Is it an emergency?
These conditions require immediate attention
The Emergency Veterinary Clinic of Cincinnati compiled this list of pet health emergencies. If the animal has any of the following symptoms, call your local emergency care facility and tell the receptionist that you are bringing in a dog or cat that has
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- Difficulty breathing,
- noisy respiration,
- blue tongue,
- gasping for breath.
- Bleeding that does not stop from any part of the body; apply pressure with a clean cloth and go!
- Bloated or distended abdomen or swollen or painful abdomen with or without vomiting.
- Inability to urinate or move bowels but continues to try or has bloody stool or urine or painful defecation or urination.
- heavy panting
- extreme weakness
- body temperature about 104 degrees Fahrenheit.
- Inability to deliver puppies or kittens, labor contractions for longer than one hour or more than 15 minutes of labor with the fetus or membrane showing.
- Loss of balance or consciousness or seizure, including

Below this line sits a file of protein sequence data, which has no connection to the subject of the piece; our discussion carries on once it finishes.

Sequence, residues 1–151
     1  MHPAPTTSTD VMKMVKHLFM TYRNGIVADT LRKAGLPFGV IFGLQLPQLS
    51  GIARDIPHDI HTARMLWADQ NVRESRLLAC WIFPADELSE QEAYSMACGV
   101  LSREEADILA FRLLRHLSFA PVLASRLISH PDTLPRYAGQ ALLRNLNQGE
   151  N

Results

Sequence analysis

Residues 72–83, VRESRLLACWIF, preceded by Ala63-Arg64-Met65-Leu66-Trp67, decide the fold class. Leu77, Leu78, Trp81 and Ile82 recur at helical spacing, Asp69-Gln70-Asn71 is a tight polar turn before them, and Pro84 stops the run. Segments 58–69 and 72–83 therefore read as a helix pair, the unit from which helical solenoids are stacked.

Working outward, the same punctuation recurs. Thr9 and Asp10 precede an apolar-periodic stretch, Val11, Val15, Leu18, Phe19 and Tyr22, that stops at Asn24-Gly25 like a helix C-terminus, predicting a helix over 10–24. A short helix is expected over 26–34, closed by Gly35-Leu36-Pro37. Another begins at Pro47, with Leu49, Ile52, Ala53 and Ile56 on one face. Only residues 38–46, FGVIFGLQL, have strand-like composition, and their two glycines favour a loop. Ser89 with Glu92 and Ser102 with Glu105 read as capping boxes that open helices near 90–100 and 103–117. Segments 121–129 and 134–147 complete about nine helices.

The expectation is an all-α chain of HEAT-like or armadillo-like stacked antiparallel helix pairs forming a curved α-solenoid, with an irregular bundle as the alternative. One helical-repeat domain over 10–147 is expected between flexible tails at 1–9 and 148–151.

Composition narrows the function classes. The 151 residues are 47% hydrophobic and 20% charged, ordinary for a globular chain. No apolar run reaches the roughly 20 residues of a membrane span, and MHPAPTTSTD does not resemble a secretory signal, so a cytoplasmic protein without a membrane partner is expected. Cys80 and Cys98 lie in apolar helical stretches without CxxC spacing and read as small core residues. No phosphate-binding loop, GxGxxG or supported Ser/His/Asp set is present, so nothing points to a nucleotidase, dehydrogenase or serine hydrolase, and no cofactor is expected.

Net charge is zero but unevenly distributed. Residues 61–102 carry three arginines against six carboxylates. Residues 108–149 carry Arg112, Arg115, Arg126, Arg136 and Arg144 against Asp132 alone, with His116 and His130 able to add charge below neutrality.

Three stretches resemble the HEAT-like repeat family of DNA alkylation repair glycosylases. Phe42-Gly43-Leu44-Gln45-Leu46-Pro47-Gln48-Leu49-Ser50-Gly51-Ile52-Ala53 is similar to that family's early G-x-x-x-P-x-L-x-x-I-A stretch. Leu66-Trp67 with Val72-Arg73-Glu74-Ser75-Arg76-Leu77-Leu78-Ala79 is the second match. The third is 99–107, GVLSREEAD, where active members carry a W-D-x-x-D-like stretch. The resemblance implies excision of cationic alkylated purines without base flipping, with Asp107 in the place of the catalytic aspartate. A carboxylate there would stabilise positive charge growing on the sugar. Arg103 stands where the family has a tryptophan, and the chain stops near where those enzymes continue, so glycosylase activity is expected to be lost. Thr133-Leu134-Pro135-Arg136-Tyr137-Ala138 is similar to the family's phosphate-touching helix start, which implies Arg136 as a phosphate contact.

- sudden blindness,
- tilting of the head,
- biting at imaginary objects,
- sudden changes in disposition such as unusual withdrawal or out-of-character aggressiveness.
- Pain, severe or continuous.
- Major trauma, injury, or shock from
- vehicle accidents,
- broken bones
- shows signs of:
- shallow breathing,
- rapid heartbeat,
- bewildered appearance,
- dilated pupils.
- Ingested poison; bring the container or the commercial or chemical name of the product or a list of ingredients if you have it.
- Penetrating wounds anyplace, but especially in the chest or abdomen.
- Vomiting or diarrhea with blood or violent episodes.
- Lameness and cannot bear any weight on the leg.
- Any other signs that look serious, such as:
- eye problems,
- severe itching with self-mutilation,
- severe hives
Norma Bennett Woolf